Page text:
5. gr3teacher

    gr3teacher Phenom

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    Having a book knowledge of how to do something is different from doing it. After all, eunuchs in a harem know how it's done too.

    You are probably right that it's too late for you to plan and implement a unit plan with this group. Whatever the reason for that, you certainly can't go back and fix it.

    What you could do is plan a unit specifically for these kids (probably the afternoon crew, since you seem overall more comfortable in that room) and give it to your CT for feedback. Maybe your CT could even implement it for you after you've gone and give you feedback. Heck, she might even let you come in and do it as a "guest teacher." It probably wouldn't be the worst idea in the world for you to be proactive and ASK if your experience could be extended until... was January 21 the day you said it could theoretically be extended for? You really want to be able to discuss a specific unit you have taught, implemented, adjusted, assessed, readjusted, etc... or if that isn't possible, you want to talk about a unit you created for a specific group.

    I know it probably doesn't seem like a big deal, but it really is. My college gave each ST two placements... one in a low-income district, one in a high-income district... at least one with inclusion, and a mix of upper elementary and lower elementary. Each placement had a requirement of a complete unit that I had planned and implemented from start to finish. Neither unit I did was particularly long... each was a two week unit... but planning and implementing a unit is a very different beast from planning and implementing specific lessons.
     
  6. LouiseB

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    Having any field based experience means nothing at an interview. With field based experiences, it is a "once in a while" experience and is usually out of context/scope of the regular classroom. Please do not consider that teaching experience!

    Just to clarify that field based experience is time spent in classrooms during undergrad classes, not considered anything like student teaching.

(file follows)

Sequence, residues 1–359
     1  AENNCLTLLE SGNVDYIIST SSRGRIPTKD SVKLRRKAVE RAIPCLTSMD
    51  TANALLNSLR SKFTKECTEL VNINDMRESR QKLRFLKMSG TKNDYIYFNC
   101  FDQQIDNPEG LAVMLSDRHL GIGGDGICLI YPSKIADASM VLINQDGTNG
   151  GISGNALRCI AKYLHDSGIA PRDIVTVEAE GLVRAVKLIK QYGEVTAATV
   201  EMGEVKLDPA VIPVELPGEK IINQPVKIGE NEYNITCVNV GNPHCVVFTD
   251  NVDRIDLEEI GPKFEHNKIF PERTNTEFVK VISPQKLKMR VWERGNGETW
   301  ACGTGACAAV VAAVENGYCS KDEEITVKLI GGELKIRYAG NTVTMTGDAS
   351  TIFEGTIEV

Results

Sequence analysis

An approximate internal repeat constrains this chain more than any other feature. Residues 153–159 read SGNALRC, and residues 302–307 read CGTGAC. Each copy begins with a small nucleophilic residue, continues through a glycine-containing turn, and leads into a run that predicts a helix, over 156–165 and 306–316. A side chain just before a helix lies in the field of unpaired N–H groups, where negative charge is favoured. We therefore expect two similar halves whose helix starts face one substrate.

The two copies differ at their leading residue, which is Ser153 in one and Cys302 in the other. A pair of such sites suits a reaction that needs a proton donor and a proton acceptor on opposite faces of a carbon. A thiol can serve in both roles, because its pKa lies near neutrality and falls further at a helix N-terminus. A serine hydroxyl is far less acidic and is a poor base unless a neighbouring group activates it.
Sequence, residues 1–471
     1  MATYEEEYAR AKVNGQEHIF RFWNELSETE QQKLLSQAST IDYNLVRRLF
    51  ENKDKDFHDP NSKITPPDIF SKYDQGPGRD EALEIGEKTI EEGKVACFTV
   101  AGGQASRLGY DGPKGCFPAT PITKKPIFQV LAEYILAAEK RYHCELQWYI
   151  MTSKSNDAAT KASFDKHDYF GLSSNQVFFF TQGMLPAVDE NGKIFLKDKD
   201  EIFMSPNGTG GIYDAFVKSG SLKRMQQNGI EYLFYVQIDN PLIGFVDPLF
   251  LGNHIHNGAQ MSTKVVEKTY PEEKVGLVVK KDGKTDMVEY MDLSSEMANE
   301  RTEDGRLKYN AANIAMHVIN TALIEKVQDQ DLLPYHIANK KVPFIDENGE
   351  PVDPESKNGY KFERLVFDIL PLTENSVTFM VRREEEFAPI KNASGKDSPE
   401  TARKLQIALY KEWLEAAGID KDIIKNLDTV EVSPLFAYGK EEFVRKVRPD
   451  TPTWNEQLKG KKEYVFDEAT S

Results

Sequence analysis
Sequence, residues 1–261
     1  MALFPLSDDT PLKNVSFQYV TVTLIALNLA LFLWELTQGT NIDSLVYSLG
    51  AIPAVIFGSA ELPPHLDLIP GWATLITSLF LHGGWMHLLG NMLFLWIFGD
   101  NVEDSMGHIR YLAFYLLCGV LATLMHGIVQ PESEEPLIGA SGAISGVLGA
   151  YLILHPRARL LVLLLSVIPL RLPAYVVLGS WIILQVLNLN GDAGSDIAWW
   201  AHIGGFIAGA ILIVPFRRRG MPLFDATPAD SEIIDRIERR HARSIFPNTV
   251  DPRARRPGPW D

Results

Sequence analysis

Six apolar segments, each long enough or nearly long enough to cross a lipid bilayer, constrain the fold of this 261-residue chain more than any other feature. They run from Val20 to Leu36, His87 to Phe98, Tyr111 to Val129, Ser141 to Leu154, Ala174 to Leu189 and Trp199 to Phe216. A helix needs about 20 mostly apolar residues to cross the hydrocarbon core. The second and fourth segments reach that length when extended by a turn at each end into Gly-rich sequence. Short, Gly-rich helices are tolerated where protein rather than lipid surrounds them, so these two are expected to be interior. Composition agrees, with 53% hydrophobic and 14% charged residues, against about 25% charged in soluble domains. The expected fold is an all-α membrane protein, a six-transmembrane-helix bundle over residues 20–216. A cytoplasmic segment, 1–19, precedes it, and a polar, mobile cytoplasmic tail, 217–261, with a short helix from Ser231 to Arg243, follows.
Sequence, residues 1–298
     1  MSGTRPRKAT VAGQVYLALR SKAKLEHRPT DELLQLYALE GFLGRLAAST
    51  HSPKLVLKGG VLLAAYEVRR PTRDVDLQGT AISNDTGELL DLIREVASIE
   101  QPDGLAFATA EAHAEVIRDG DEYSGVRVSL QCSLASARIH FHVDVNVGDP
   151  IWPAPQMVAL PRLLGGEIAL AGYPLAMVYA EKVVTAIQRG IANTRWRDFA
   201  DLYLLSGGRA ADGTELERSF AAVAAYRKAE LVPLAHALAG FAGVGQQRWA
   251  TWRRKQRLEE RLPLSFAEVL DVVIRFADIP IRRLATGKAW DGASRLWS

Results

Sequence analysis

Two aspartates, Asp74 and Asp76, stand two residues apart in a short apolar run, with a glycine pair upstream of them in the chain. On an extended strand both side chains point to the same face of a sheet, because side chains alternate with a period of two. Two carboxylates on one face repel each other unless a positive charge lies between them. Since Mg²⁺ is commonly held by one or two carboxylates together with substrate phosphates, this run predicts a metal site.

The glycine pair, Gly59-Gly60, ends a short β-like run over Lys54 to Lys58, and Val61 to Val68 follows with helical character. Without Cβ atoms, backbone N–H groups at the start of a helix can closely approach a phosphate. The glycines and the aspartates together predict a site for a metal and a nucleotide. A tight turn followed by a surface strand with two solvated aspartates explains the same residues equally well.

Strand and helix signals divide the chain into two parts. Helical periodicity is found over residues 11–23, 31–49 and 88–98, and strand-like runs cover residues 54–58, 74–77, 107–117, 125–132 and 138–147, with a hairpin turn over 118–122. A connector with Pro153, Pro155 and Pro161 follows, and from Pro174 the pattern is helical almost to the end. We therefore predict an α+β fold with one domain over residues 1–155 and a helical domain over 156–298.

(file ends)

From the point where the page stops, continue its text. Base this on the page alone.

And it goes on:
7. RadiantBerg

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    See, it shouldn't be would be in interviews----it should be "my math instruction during my student teaching WAS multisensory, for example.....

    I know you keep explaining that you CT doesn't let you do stuff, but I am going to be blunt and say that I think it is most likely your fault that she is not letting you do stuff.
     
  8. bros

    bros Phenom

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    I was using 'would be' as a response to the post. In an interview, I would obviously take more... ownership of my statements.

    How would it be my fault? My morning CT asks me frequently what I should be doing at whatever point in the student teaching, I tell her, she goes "okay" and doesn't do it. The only thing she followed was the calendar my supervisor had to write out for her saying when I do what (take over half the lessons, all the math lessons, when we start having me only teach a few lessons near the end)
     
  9. MissScrimmage

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    Nov 24, 2013

    17 days is lots of time to get a unit started. I'm starting a new science unit this week and an author study next week - both will continue until December 20th and then the science will be completed in the first couple of weeks in January. It's nice to have a place to 'pick back up' when we return after Christmas holidays.

    FYI - the units I planned in university for professors are laughable now. There are some good ideas in them, but they are pretty idealistic. I had to really tweak them to actually use them in my classroom.
     
  10. gr3teacher

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    I'll agree with that last point. My master's project was writing a unit plan. I look at it now and seriously wonder how in the world I thought I would possibly accomplish all that in a real classroom in four weeks!
     
  11. Linguist92021

    Linguist92021 Phenom

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    Nov 24, 2013

    Before I student taught I had to teach I think 3 lessons. 1 in our university class, which was pretty much a disaster, almost all of us. The lesson was good theoretically but went over the allotted time 3 times.
    The 2nd lesson for was a 5th Language Arts class. The lesson theoretically was great, had all the required components, all the critical thinking, guided / independent practice, modeling, assessment, etc etc. I learned then that what I think will fit in a lesson will need to be cut in half. Then when I'm teaching it, it still needs to be cut in half, because I overplan. Which means I can't just leave a lesson half finished, I have to think quickly what to speed up, what to leave out to still finish everything and have some kind of closure.